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US Investing $1B in African Transportation, Communications

In this photo taken Sept. 29, 2016, Ugandans use a mobile money point in Kampala. Mobile money has become a way of life for many Africans.

The U.S. government has launched Connect Africa, a program that will invest more than $1 billion in projects to improve transportation, communications and value chains across the continent.

The U.S. government will carry out the initiative through its development finance branch, the Overseas Private Investment Corporation. Over the next three years, OPIC plans to finance projects with companies in Zambia, Rwanda, South Africa, Kenya and Uganda.

Speaking at a news conference in Kampala this week, OPIC Chief Executive Officer Ray Washburne explained how the investments would help economic expansion in Africa.

The initiative will “give us additional capability, including equity investment in the projects. And so we are very aggressively looking throughout Africa,” Washburne said. Putting capital into projects shows "that the U.S. is committed to this region. In addition to that, we also want to be a multiplier for jobs.”

Early this month, OPIC committed $100 million in financing to a cellular communications company that will upgrade and expand telecommunication networks in Uganda, Gambia, Sierra Leone and the Democratic Republic of the Congo.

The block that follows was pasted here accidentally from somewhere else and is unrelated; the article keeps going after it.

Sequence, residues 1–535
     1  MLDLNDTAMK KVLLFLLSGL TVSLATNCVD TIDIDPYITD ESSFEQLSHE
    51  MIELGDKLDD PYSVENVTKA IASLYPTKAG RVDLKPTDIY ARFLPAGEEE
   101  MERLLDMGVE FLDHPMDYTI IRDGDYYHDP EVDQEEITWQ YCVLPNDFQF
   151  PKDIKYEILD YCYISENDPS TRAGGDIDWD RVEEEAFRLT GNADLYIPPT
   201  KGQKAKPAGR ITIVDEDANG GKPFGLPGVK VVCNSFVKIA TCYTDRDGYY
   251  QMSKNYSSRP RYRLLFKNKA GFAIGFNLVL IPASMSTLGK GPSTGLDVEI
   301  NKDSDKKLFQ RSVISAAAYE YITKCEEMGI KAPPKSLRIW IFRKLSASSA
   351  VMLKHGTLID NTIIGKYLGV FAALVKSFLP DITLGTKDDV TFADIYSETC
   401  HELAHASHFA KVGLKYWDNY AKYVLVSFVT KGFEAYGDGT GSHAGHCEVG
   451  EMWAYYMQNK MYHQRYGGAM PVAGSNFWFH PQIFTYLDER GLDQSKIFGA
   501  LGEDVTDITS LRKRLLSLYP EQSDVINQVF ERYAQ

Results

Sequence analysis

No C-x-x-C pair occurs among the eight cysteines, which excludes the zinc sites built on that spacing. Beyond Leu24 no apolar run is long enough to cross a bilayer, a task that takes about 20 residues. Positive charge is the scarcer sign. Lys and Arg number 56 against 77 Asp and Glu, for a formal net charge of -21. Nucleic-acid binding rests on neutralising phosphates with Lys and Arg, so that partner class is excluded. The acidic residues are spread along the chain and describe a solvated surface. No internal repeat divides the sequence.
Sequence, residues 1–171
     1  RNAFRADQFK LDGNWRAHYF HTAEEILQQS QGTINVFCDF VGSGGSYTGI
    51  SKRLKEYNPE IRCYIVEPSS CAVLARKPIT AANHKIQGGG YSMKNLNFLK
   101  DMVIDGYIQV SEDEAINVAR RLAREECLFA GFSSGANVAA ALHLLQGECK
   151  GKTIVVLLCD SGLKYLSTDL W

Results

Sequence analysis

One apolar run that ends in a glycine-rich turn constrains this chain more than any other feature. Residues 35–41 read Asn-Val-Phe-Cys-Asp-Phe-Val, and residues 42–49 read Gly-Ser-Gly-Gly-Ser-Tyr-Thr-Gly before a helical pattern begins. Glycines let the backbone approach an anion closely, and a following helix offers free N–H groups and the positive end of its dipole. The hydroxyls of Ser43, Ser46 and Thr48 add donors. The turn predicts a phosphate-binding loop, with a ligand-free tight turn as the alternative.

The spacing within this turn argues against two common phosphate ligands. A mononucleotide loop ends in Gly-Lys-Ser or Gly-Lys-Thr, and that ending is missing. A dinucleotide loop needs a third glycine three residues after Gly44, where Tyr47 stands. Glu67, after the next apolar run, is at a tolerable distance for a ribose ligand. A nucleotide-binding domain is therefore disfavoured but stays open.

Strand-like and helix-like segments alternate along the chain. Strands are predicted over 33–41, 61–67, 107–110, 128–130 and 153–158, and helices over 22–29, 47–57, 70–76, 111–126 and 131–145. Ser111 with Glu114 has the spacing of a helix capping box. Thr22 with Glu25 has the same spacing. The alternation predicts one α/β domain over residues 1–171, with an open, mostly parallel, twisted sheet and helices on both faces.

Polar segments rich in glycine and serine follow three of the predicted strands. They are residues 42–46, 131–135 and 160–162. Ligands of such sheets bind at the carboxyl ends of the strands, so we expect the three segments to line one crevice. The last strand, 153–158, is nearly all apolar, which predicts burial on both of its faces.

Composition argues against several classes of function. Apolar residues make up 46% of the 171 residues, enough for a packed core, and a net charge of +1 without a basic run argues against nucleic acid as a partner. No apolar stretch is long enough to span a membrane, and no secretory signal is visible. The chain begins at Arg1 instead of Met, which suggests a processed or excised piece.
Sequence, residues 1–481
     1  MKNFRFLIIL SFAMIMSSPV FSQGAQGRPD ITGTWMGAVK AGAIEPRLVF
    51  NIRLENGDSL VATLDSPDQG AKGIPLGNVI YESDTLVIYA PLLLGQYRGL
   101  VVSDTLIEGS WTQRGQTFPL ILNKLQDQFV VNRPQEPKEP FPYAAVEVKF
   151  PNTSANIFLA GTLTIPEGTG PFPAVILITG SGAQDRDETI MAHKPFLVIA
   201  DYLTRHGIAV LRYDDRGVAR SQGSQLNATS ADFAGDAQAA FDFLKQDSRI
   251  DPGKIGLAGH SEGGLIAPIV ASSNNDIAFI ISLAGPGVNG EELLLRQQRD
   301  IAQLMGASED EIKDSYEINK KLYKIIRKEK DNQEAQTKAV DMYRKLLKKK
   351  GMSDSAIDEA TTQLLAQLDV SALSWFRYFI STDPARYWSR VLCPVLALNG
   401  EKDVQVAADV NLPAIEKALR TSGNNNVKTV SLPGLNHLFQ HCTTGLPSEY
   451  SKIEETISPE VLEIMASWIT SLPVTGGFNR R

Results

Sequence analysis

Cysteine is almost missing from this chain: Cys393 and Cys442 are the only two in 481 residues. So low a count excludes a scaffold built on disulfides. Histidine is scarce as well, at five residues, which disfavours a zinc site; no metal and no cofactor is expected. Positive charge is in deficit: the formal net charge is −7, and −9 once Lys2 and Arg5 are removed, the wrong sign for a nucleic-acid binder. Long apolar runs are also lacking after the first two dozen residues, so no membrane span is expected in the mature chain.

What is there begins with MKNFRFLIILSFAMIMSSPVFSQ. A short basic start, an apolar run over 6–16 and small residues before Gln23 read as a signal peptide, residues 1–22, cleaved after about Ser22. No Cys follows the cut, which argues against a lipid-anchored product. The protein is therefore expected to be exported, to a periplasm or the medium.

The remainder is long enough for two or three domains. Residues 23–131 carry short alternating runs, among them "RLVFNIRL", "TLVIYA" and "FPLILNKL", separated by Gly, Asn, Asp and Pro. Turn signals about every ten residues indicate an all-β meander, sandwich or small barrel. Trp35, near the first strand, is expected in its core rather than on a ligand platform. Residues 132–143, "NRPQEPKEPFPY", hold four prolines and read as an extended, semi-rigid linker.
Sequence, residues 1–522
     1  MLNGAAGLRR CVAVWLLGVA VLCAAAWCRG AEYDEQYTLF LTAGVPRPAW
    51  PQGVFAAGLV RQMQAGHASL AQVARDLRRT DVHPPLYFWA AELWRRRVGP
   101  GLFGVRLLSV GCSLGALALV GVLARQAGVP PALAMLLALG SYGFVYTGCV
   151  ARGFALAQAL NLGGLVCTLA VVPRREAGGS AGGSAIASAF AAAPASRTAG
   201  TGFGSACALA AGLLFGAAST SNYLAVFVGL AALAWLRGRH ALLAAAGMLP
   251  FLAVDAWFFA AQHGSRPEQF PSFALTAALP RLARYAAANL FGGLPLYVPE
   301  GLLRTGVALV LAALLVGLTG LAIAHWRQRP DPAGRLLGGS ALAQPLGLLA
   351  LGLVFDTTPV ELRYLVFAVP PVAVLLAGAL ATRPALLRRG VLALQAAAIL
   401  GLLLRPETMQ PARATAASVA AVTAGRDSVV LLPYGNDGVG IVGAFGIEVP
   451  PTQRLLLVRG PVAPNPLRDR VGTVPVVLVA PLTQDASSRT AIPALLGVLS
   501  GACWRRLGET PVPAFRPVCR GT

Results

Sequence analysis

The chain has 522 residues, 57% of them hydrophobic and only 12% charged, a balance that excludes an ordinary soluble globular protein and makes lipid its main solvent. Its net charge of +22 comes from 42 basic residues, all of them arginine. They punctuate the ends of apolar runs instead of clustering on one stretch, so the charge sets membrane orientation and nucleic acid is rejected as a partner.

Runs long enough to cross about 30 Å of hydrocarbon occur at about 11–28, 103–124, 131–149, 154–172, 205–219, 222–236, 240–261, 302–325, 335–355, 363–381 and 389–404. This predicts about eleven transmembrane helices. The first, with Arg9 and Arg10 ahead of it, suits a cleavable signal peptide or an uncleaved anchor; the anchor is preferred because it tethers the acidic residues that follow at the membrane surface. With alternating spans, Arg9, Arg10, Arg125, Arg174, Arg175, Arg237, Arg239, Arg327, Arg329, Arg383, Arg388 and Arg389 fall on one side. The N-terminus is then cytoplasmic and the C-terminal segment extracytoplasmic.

In Uganda, OPIC will invest $58 million in projects that include a hydropower plant.

Washburne stressed that by focusing on connectivity, the U.S. is not just helping to build means for economic development but is also laying the foundation for future trade partners, including women.

Women trying to grow their businesses “need access to capital,” Washburne said. “Having access to a bank account has been very difficult in the past," he added, but banking via mobile phones opens up possibilities — "especially in the smaller villages for women, because now their bank account is in their pocket.”

However, the Ugandan government recently imposed a tax on the use of mobile money applications. Washburne said he could not comment on local government laws.

The $1 billion in financing is small compared with the $60 billion that China has promised to invest in Africa.

Asked to compare the U.S. presence in Africa to China's, Washburne said “other countries” focus more on infrastructure, while the U.S. is focusing its investments on consumers and small or medium-size businesses, to help people further down the economic food chain.